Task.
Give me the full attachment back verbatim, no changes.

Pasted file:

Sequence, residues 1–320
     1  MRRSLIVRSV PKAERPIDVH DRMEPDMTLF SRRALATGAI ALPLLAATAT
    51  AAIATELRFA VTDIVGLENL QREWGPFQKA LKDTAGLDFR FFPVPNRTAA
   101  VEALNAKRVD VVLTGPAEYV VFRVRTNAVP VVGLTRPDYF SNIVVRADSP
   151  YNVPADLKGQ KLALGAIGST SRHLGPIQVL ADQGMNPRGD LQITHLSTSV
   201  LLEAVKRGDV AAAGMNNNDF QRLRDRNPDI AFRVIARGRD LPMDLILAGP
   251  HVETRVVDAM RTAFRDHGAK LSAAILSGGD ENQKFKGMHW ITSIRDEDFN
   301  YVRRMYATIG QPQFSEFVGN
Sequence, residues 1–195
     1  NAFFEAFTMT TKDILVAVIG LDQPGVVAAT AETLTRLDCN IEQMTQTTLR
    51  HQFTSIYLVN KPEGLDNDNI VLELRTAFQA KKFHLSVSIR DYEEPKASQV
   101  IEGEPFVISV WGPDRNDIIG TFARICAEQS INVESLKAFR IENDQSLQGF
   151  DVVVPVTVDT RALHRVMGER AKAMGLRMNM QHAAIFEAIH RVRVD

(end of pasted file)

Sequence, residues 1–320
     1  MRRSLIVRSV PKAERPIDVH DRMEPDMTLF SRRALATGAI ALPLLAATAT
    51  AAIATELRFA VTDIVGLENL QREWGPFQKA LKDTAGLDFR FFPVPNRTAA
   101  VEALNAKRVD VVLTGPAEYV VFRVRTNAVP VVGLTRPDYF SNIVVRADSP
   151  YNVPADLKGQ KLALGAIGST SRHLGPIQVL ADQGMNPRGD LQITHLSTSV
   201  LLEAVKRGDV AAAGMNNNDF QRLRDRNPDI AFRVIARGRD LPMDLILAGP
   251  HVETRVVDAM RTAFRDHGAK LSAAILSGGD ENQKFKGMHW ITSIRDEDFN
   301  YVRRMYATIG QPQFSEFVGN
Sequence, residues 1–195
     1  NAFFEAFTMT TKDILVAVIG LDQPGVVAAT AETLTRLDCN IEQMTQTTLR
    51  HQFTSIYLVN KPEGLDNDNI VLELRTAFQA KKFHLSVSIR DYEEPKASQV
   101  IEGEPFVISV WGPDRNDIIG TFARICAEQS INVESLKAFR IENDQSLQGF
   151  DVVVPVTVDT RALHRVMGER AKAMGLRMNM QHAAIFEAIH RVRVD